ROTATION GOALS AND OBJECTIVES FOR PROBLEM-BASED LEARNING AND IMPROVEMENT,
INTERPERSONAL SKILLS AND COMMUNICATION, PROFESSIONALISM, AND SYSTEMS BASED
PRACTICE



Problem-Based Learning and Improvement
G-Level Objectives
G4         1. Analyze personal strengths and weakness and create methods to improve.
           2. Learn to accept constructive criticism.
           3. Apply scientific literature in patient management decision making.
           4. Critically review the literature using principles of biostatistics, study design, and
              epidemiology.
           5. Develop practice patterns using the concepts of ―best practice‖ and ―evidence-
              based medicine.‖

                                                        104
Interpersonal Skills and Communication
G-Level Objectives
G4          1. Function as surgical team leader.
            2. Teach ethical and appropriate patient relationships.
            3. Demonstrate effective listening skills, including observing nonverbal cues and
                using explanatory questioning.
            4. Demonstrate effective, complete, and legible note writing skills.
            5. Teach effective medical presentations.
            6. Assure effective and thorough patient hand-off/sign out.


Professionalism
G-Level Objectives
G4           1. Demonstrate respect, compassion, integrity and honesty.
             2. Demonstrate patient care that supersedes personal self-interest.
             3. Demonstrate personal responsibility for patient problems.
             4. Understand and utilize privacy policies, informed consent, business and
                medical ethics.
             5. Understand and follow institutional behavior policies (i.e. Sexual harassment,
                etc.).


Systems-Based Practice
G-Level Objectives
G4         1. Understand cost-effective health care delivery
           2. Organize and manage the surgical service
           a. Hospital and clinic patient care
           b. Resident and medical student teaching


LEARNING RESOURCES FOR TRAINEES
SCORE Website Portal:

      Modules, chapters, videos, and radiographic images (STAT dx) pertinent to the core topics enumerated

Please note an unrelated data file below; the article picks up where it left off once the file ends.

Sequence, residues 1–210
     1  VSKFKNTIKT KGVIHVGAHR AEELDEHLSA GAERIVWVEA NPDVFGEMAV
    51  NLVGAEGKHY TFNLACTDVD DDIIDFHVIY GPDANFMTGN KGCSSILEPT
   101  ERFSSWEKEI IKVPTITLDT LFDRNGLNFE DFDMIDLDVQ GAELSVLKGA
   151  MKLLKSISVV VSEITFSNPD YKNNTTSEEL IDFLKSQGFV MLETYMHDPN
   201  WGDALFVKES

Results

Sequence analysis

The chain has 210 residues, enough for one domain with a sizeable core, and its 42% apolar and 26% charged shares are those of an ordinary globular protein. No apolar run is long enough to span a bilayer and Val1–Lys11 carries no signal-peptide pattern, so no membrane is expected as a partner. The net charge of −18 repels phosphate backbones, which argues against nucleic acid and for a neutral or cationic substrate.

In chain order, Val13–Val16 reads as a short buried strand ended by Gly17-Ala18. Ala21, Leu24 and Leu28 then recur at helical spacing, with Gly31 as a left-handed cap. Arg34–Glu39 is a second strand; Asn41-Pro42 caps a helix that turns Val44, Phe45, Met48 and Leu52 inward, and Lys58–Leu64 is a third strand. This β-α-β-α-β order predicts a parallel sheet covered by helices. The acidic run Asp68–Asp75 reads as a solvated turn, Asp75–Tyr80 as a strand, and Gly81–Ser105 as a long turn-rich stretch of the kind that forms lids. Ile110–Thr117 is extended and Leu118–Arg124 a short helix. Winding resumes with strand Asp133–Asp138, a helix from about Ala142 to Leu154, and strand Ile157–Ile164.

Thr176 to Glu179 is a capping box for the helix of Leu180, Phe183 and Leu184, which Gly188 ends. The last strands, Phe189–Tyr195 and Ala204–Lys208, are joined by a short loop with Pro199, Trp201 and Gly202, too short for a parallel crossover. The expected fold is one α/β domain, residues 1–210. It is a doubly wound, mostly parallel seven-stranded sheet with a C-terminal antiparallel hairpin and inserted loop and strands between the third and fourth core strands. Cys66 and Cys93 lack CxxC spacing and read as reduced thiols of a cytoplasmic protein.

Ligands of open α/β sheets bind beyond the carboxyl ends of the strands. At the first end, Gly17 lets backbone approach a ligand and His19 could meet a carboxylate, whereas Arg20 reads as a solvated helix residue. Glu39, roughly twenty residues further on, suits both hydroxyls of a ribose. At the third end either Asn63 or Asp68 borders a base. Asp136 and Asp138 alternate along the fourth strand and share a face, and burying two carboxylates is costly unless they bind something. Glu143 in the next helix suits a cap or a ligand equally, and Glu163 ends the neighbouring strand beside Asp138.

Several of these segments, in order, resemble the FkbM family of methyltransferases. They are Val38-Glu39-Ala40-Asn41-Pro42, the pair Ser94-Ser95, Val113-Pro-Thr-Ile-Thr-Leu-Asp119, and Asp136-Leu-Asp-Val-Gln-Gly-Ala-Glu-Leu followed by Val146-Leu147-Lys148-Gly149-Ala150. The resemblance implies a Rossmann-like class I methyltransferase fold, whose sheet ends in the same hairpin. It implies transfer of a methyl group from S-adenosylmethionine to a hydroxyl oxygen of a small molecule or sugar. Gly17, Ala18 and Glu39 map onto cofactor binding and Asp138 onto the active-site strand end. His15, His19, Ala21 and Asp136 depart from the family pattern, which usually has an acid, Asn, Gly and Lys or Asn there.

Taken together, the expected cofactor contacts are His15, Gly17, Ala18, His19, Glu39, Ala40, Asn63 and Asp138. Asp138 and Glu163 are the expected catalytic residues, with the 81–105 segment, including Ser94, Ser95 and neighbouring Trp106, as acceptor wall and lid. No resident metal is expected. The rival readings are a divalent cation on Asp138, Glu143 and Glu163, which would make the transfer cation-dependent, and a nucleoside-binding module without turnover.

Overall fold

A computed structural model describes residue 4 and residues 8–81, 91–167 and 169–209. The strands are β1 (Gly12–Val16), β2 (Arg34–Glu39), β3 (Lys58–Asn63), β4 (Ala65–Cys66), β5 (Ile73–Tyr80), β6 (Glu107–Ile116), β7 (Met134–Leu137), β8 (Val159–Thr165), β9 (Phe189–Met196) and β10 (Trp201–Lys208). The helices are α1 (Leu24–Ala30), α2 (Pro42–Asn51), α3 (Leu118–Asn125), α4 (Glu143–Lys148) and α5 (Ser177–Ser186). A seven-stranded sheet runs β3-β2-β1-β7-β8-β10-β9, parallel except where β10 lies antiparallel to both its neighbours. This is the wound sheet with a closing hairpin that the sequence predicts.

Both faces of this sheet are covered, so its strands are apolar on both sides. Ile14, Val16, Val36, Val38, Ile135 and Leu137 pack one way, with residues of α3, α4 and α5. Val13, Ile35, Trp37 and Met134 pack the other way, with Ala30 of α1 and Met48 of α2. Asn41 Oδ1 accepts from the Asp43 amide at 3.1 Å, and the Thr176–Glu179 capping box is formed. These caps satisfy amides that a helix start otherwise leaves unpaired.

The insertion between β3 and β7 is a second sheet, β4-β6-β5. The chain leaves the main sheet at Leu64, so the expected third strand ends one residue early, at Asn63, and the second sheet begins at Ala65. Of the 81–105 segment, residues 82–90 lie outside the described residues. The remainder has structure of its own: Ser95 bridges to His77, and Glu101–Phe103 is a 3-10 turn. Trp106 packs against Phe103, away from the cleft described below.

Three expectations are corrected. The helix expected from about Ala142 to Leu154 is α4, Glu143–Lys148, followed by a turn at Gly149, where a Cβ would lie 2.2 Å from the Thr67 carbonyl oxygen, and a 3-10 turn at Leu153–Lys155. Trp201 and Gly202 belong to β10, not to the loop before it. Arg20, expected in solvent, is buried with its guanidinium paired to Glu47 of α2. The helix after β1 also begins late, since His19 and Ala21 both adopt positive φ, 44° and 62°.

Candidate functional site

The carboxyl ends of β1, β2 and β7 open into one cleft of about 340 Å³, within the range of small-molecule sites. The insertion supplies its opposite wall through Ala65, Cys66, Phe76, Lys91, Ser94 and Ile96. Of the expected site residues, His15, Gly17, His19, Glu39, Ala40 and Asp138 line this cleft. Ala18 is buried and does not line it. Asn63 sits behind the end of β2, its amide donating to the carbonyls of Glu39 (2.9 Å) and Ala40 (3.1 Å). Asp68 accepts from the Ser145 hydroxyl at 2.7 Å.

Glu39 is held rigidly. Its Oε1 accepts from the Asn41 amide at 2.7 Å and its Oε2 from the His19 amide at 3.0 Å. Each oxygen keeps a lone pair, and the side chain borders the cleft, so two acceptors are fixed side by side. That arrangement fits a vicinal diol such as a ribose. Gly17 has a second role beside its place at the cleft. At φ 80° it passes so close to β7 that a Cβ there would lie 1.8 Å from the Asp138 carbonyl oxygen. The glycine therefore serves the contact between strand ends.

above
      Evidence-Based Reviews in Surgery
      MD Content Course on Health Care (economics, operations, legal/financial, leadership)

Regions Vascular Moodle Website

      See assignments and additional resources




                                       ROTATION PLAN FOR 2011-12

                   REGIONS HOSPITAL, Surgical Intensive Care Unit

                                                      105
ROTATION NAME
TRAINING LEVELS ON SERVICE: PGY -1
SERVICE DIRECTOR: Bruce Bennett, M.D.
TEACHING FACULTY:
David Dries, M.D.
Gary Collins, M.D.
Cassandra Palmer, M.D.

ROTATION’S WEEKLY EDUCATION SCHEDULE
(List: required site or specialty-specific education conferences, scheduled weekly rotation teaching hour.)
     Monday              Tuesday at          Wednesday            Thursday            Friday
                           UMMC
                      6:30 G4+G5
                      7:00 M+M
                      7:45 Grand
                      Rounds
                      8:30 Core
                      Curriculum
                      9:45-noon Skills
                      Lab

Activity                               Who is responsible?              When does this
                                                                        occur?
Orientation to the Rotation
Bedside Teaching Rounds
Weekly Core Topic Teaching
Mid-Rotation Review
End-of-Rotation Oral Exam
End-of-Rotation Meeting w/
Resident



ROTATION GOALS AND OBJECTIVES FOR PROBLEM-BASED LEARNING AND IMPROVEMENT,
INTERPERSONAL SKILLS AND COMMUNICATION, PROFESSIONALISM, AND SYSTEMS BASED
PRACTICE

Problem-Based Learning and Improvement
G-Level Objectives